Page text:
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The Galaxy Game Paperback – January 6, 2015
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Praise for The Galaxy Game
“There is a weight and grace to [Karen Lord’s] prose that put me in mind of pewter jewelry.”—NPR
“This novel is a satisfying exercise in being off-balance, a visceral lesson in how to fall forward and catch yourself in an amazing new place.”—The Seattle Times
“A smart science fictional fable as inventive and involving as it is finally vital.”—Tor.com
About the Author
Karen Lord has been a physics teacher, a diplomat, a part-time soldier, and an academic at various times and in various countries. She is now a writer and research consultant in Barbados. Her debut novel, Redemption in Indigo, won the Frank Collymore Literary Award, the William L. Crawford Award, and the Mythopoeic Fantasy Award for Adult Literature, and was nominated for the 2011 World Fantasy Award for Best Novel.
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Top Customer Reviews
Unfortunately, while I was delighted to spend some time in this book with two of the main characters that provided a much-needed emotional anchor and character arc to the first book, I couldn't ever get a good grasp on the narrative or main characters of this sequel.
Nominally about Rafi, who is trying to find acceptance in a society afraid of his psionic ability to influence other humanoids, the narrative switches between third person Rafi-centric narrative and the first-person musings of one of his friends.
This framework is a bit loose. Long swathes of time are kind of summarized and skipped over. Just as the first book seemed more or less an excuse to travel around a particular planet and experience the author's imagination and socio-anthropological chops by seeing how a human and psionic human couple experience various tribes, this second book also mostly seems to be about Rafi experienceing different civilizations. The problem is, Rafi and his two friends (one of whom, Serendipity, provides the most emotional interest but who kind of disappears in the middle of the book) didn't provoke NEARLY as much character interest in me as the hero/heroine of the first book.
I couldn't really give this book only 3 stars because the ideas and the society and the angst of a home planet lost forever on its orphaned civilization are still here in this book. But I wouldn't really recommend reading it without having read the first book, and truthfully it didn't hold me like the first one. But if you want to find out what happens to Delarua and Dllenakh after book one, it's worth reading.
Ms Lord takes all kinds of shortcuts with physics, technology, society and politics and the whole is not internally consistent. I am certain that it is consistent in her mind, but not on the page. Some of the inconsistencies are quite damaging.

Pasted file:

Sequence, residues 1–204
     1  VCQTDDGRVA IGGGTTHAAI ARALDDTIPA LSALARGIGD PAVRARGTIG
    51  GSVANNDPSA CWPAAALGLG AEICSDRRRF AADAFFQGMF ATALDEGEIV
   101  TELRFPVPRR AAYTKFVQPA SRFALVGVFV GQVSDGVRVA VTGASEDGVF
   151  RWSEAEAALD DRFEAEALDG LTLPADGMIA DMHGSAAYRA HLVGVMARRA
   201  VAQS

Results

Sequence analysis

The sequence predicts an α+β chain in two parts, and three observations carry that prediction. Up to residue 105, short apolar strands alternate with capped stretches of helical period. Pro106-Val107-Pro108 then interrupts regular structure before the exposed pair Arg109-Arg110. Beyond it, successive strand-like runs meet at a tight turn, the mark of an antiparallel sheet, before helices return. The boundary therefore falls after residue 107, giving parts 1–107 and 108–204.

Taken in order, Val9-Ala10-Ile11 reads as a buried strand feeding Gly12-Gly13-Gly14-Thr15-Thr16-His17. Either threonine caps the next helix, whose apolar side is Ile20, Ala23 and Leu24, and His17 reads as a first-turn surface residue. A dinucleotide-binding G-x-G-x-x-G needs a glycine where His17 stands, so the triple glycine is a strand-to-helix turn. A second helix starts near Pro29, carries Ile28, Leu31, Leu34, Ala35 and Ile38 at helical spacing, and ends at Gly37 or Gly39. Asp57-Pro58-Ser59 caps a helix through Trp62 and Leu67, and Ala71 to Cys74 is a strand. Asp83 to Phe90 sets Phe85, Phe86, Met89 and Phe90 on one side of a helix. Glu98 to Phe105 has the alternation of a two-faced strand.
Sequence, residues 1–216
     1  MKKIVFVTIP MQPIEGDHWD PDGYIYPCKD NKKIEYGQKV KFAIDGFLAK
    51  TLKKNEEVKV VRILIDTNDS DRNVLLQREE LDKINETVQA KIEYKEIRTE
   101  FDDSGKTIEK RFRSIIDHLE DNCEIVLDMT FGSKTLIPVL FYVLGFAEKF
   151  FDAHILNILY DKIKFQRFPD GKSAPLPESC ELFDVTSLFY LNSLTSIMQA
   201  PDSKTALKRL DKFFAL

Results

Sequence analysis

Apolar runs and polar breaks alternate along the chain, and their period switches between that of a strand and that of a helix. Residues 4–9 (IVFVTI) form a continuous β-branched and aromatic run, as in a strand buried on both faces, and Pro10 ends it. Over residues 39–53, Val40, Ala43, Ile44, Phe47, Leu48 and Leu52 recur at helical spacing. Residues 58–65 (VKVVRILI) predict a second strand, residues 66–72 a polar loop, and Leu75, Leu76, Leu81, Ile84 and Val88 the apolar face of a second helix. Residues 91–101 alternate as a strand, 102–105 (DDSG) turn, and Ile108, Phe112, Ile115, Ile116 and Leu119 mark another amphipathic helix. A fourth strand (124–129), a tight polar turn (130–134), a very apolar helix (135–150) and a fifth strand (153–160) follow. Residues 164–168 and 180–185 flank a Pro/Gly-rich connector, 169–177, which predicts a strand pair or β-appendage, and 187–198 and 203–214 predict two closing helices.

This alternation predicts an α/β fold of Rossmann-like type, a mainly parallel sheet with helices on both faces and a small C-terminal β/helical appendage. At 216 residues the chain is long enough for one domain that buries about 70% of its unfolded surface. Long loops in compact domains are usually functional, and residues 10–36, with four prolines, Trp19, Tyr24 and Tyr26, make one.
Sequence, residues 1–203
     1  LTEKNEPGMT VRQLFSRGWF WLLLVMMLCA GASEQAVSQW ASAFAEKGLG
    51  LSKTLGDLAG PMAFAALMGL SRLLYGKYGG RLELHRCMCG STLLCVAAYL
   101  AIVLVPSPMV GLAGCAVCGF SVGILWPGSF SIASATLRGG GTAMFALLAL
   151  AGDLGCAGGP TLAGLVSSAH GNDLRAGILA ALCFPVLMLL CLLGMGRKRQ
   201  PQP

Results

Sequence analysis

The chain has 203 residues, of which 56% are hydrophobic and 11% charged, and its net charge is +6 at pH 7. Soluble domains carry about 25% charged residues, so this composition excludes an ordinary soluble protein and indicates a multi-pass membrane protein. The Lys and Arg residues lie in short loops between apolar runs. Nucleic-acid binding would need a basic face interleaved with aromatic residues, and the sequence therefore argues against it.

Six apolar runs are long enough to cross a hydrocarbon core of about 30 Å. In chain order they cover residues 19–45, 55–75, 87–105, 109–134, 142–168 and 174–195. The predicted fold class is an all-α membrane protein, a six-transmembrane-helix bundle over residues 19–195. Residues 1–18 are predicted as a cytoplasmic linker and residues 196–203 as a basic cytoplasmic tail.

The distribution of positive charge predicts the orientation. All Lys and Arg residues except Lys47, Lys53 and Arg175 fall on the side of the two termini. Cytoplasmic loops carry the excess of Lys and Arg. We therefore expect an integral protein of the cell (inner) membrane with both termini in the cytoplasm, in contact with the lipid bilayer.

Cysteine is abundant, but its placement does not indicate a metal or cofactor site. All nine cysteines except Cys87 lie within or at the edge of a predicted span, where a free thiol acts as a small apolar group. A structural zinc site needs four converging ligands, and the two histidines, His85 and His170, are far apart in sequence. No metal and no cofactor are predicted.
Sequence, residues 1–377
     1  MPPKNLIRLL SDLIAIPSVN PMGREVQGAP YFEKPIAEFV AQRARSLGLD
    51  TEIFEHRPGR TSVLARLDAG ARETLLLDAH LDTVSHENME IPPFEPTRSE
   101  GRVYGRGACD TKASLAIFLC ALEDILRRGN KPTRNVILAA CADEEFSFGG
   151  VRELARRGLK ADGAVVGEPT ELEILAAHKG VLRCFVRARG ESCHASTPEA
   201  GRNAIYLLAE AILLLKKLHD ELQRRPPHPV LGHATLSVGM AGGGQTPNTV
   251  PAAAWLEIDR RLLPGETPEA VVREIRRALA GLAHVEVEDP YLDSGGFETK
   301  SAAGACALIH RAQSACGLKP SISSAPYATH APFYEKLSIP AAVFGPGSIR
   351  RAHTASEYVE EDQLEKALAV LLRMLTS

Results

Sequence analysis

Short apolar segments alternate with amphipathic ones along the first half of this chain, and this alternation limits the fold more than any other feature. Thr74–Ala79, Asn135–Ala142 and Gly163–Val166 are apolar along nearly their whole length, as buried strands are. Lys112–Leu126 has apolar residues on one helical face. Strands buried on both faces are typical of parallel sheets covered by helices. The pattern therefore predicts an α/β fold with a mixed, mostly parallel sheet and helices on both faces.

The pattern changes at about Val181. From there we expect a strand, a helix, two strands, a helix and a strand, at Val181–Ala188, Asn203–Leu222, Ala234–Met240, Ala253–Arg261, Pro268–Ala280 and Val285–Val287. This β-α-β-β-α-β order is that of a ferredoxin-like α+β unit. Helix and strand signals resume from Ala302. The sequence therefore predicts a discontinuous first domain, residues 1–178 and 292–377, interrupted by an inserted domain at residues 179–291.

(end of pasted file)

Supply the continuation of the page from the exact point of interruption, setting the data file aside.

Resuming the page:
This is a shame because "The Galaxy Game" is good even as it stands. It might have been truly great (and I say this as a serious and long-time SF reader) with a bit more editorial attention and a slower push to market.
I received an advance review copy of "The Galaxy Game" by Karen Lord (Del Ray Spectra) through NetGalley.com.
As soon as he can, Rafi removes himself from the school—and from his planet. He travels with fellow classmate Ntenman to Purnatam, a planet where psi usage is common. There's something extraordinary taking place in the Academes of Punartam, and Rafi discovers that he has an unexpected role to play as tensions between the rival star-faring civilizations play out.
It seemed that it was taking me a long time to read The Galaxy Game. For much of the first part of the book I felt confused. I was 2/3 of the way into the book before I discovered that it was the second book in a series! I don't know if my disorientation was due to not having read the first book or not. I do know that as I read, I had to continually reevaluate everything. I found myself lost in the universe in which it takes place, lost as to who the characters were, and lost in the story itself.
But, as I read the final portion of The Galaxy Game things suddenly shifted into place. I did go back and read the prologue again and this time it made perfect sense—no confusion at all. I then returned to my place in the book and read eagerly to the end. From this experience, I think it is likely that my initial bewilderment was due to jumping into the series in the middle. I will be getting a copy of the first book, The Best of All Possible Worlds. I'm taken with the universe that Ms. Lord has envisioned and hope she continues to visit it in future books.
I initially debated between 3 and 4 stars when it came to rating this book. Since I don't want to penalize the book because I hadn't read the first in the series, I've decided to rank it as 4 stars—I really did like it, eventually. I think it's important to emphasize that this book does not stand alone well. To get the most out of it, I think it would be essential to read The Best of All Possible Worlds first.
I was fortunate to receive an Advance Reader Copy of The Galaxy Game from the publisher in return for an honest review.